Review: Ernie Ball VPJR Tuner

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Review: Ernie Ball VPJR Tuner

VPJR Tuner
Words by Luke Shields

CMC Music | RRP: $675

As a company, Ernie Ball has always positioned itself as the young upstart on the market. The peak of their popularity came hand in hand with the rise of Southern Californian pop punk in the late ‘90s, but they are now over four decades into their lifetime and have not shied away from the wisdom that comes with age.

Their neon-packaged strings are the preferred choice for more discerning players and when their volume and expression pedals hit the market all those years ago, they changed the way we express ourselves from the pedalboard up.

Read more product reviews here.

Utility pedals can be a hard category to justify splashing your cash on. While undeniably serving a purpose, volume pedals are often tough to squeeze onto your pedalboard, and let’s face it: no one’s ever enjoyed purchasing a tuning pedal. These kinds of pedals are seen more as tools than they are as tricks, and it’s for this reason that they’re often at the bottom of any pedal head’s list of priorities.

Ernie Ball’s VPJR Tuner pedal might just change all of that. Building on the blueprint of the sturdy VPJR, Ernie Ball has integrated the volume pedal with an ultra-precise touch screen tuner display. On paper, it’s an offer you simply can’t refuse. For some, it’d be easy to scoff and swat this concept away as just being a gimmick for some easy Ernie Ball unit shifting, and I can admit to being a bit sceptical about the pedal on initial assessment. Thankfully, the VPJR Tuner pedal lives up to all expectations, and actually makes for an incredibly useful and even creative addition to any pedalboard.

Straight off the bat, it’s worth noting that the VPJR is definitely not a ‘junior’ pedal, but it’s worth making the space for. It’s quite bulky, and has a footprint marginally bigger than your average wah pedal. On the flip side, it’s also as sturdy as they come, and the rubber surface that surrounds the screen offers plenty of grip for your footwork. Interestingly perhaps, Ernie Ball has forgone a touchless sensor system and employed a cable mechanism in the design of the VPJR’s volume component, which is constructed from PVC-coated Kevlar and provides consistent tension when sweeping with the pedal. Given that it features a touch screen, this pedal also requires a 9-18V power supply, whereas most other Ernie Ball volume pedals are passive. Our review unit featured a racing car red finish: others are available in black, silver, or white.

Upon engaging the pedal, the VPJR’s touch screen lets you choose three different display modes: volume, tuner, or both. Choosing tuner mode and double tapping the screen also lets you change the reference pitch of the tuner upwards or downwards from 440Hz, which is a nice touch for all those picky ears out there. On that note, the tuning precision of the VPJR is spot on, and the bright incremental display makes for a great guide to navigating each string, with the changing lights and pitch indicator making it as easy as possible. I feel like it would have been cool to see the VPJR feature a polyphonic tuning mode, but you can’t really take points away given what’s already on offer.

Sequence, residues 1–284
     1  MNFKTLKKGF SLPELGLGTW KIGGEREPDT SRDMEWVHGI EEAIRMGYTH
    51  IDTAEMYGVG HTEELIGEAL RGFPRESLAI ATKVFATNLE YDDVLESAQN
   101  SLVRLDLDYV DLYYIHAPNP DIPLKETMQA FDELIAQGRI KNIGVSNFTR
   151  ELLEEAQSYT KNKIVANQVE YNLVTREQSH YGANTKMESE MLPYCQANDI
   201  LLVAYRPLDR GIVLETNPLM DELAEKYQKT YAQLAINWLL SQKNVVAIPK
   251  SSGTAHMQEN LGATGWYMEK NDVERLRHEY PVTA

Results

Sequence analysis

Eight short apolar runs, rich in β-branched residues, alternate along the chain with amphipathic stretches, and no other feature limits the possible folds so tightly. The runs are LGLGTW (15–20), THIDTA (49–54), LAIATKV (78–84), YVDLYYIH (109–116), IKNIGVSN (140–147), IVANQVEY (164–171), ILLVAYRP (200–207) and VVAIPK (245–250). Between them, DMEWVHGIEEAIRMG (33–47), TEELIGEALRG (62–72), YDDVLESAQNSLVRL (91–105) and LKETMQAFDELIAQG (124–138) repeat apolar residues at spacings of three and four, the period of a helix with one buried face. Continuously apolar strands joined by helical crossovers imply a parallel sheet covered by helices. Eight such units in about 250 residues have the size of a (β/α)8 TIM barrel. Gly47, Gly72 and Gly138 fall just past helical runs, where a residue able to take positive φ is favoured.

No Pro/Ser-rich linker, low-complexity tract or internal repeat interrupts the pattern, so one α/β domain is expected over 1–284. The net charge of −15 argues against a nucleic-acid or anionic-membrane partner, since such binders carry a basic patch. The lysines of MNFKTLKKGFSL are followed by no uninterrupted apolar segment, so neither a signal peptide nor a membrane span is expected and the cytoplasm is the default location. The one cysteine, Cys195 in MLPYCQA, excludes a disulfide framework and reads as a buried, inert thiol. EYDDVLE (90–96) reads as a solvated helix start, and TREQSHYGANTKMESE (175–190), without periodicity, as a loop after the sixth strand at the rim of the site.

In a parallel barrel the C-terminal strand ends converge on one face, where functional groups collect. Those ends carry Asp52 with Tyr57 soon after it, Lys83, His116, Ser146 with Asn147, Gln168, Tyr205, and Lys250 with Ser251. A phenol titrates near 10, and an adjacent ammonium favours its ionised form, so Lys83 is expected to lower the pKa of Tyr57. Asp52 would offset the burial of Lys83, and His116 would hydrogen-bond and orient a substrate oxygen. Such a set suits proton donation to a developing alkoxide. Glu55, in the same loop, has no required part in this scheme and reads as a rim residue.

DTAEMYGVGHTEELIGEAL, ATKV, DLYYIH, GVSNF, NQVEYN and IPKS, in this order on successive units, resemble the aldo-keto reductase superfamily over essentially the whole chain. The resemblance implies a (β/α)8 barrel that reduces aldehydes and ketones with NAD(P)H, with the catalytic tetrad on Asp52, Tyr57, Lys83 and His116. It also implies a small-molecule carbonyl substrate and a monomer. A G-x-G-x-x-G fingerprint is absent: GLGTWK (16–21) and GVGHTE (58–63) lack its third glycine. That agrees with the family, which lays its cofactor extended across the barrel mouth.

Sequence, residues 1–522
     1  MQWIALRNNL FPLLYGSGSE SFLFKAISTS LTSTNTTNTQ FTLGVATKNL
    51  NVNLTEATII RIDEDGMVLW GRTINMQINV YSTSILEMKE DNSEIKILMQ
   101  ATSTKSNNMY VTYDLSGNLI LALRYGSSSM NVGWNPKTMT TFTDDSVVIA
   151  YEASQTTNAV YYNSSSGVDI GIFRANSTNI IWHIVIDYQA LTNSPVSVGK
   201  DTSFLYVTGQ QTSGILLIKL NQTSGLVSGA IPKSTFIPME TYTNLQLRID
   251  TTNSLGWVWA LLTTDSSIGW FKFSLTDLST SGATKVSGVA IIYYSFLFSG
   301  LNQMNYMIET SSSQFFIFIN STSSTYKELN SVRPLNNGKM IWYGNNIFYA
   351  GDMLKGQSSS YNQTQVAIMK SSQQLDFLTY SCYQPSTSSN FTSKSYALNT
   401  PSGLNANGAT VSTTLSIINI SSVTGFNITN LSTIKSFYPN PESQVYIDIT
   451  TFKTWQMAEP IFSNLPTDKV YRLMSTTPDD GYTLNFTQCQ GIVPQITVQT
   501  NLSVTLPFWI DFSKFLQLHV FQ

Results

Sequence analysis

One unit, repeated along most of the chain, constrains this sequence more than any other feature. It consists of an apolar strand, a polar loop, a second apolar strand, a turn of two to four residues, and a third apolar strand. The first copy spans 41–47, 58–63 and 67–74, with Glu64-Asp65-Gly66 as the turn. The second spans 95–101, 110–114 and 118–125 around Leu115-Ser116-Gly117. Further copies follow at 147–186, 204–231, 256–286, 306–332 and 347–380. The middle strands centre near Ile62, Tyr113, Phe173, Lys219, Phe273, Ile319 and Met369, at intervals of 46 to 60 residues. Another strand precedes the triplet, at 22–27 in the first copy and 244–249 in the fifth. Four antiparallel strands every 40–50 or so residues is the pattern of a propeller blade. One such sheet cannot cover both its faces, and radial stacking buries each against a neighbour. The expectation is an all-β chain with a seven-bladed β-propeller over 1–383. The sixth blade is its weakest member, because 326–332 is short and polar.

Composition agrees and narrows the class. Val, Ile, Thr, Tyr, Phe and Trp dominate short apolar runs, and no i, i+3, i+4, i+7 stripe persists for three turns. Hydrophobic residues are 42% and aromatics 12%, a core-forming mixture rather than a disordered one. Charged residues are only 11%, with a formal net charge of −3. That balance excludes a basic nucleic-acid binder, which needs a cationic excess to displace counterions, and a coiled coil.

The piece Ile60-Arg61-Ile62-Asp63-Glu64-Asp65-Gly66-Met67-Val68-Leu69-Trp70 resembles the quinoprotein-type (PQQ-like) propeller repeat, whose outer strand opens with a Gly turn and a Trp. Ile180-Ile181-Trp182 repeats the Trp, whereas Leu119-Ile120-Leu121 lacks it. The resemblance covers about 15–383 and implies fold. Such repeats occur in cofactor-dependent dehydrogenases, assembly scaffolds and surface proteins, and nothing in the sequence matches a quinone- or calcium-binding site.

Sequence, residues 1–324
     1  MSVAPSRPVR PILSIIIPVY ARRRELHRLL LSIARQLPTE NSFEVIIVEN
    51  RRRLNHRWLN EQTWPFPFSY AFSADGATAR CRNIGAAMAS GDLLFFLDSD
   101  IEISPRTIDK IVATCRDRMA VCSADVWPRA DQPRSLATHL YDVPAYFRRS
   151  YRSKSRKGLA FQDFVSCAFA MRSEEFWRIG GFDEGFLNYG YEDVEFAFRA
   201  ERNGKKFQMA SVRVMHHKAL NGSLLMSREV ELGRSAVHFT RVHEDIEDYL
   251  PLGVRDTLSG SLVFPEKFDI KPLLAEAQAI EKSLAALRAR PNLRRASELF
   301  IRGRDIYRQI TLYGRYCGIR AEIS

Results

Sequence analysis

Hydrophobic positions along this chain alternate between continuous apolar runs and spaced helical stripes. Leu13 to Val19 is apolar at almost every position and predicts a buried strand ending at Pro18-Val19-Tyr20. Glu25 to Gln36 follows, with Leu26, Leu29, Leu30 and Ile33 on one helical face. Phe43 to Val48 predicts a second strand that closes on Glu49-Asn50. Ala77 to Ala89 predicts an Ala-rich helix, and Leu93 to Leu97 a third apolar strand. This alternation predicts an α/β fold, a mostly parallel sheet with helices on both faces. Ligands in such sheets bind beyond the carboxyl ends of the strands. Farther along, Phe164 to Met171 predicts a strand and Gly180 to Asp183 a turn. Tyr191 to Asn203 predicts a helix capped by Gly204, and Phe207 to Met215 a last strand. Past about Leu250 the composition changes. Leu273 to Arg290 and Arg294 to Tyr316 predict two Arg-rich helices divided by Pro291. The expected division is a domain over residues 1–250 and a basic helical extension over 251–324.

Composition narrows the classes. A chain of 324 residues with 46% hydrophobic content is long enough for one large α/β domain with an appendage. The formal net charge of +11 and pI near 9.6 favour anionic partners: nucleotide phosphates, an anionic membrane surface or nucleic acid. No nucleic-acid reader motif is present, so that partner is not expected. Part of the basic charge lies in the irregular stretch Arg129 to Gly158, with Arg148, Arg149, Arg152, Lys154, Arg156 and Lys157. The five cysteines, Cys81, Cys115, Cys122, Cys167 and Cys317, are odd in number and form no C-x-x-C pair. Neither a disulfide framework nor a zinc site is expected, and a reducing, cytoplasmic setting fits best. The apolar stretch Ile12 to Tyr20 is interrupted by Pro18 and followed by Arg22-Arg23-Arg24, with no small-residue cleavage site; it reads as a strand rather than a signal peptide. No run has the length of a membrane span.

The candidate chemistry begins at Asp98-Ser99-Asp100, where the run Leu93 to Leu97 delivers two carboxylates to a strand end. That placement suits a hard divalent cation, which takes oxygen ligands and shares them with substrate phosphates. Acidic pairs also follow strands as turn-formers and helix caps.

In use, the VPJR Tuner – and volume – pedal is exactly the same as the tuner-less version that preceded it. Swift sweeps and incremental adjustments are simple, and the action of the pedal makes for a consistently taut response. In volume mode, the touch screen display is also utilised as a numerical value depicting the volume of your signal, which is a killer way to gauge your overall master volume from a distance or in dim lit rooms. This screen really adds a lot to the overall practicality of the pedal, and I feel like it’ll go on to set a trend in this niche market.

There’s also a range of routing options on the top of the VPJR, including standard I/O as well as effects send/return. On top of a standard effects loop setup, you could set up the VPJR to control the master volume of either your amp or a pedal, or even as a gain control for either configuration. This can let you get a bit creative with your use of the pedal, and makes it a lot more versatile than you’d think, particularly for more textural swells or clever effect fade-ins. It’s nice to have such a practical unit that still lets you facilitate creative ideas without making them over complicated or forcing you to go menu diving to unlock its inner secrets.

At its price point, the VPJR Tuner might not be accessible for all users, and it’s a bulky pedal to justify carving out such a huge chunk of pedalboard space for. Yet, it’s an incredibly alluring product from Ernie Ball, who has obviously paid a lot of attention to detail in order to create a sturdy, feature-packed and ultimately useful design. I wouldn’t be against describing it as the best volume pedal on the market, and there’s sufficient evidence to say the same about the tuner as well: I can’t see how anything can come close to what’s on offer here from Ernie Ball.

Head to Ernie Ball for more information. For local enquiries, reach out to CMC Music.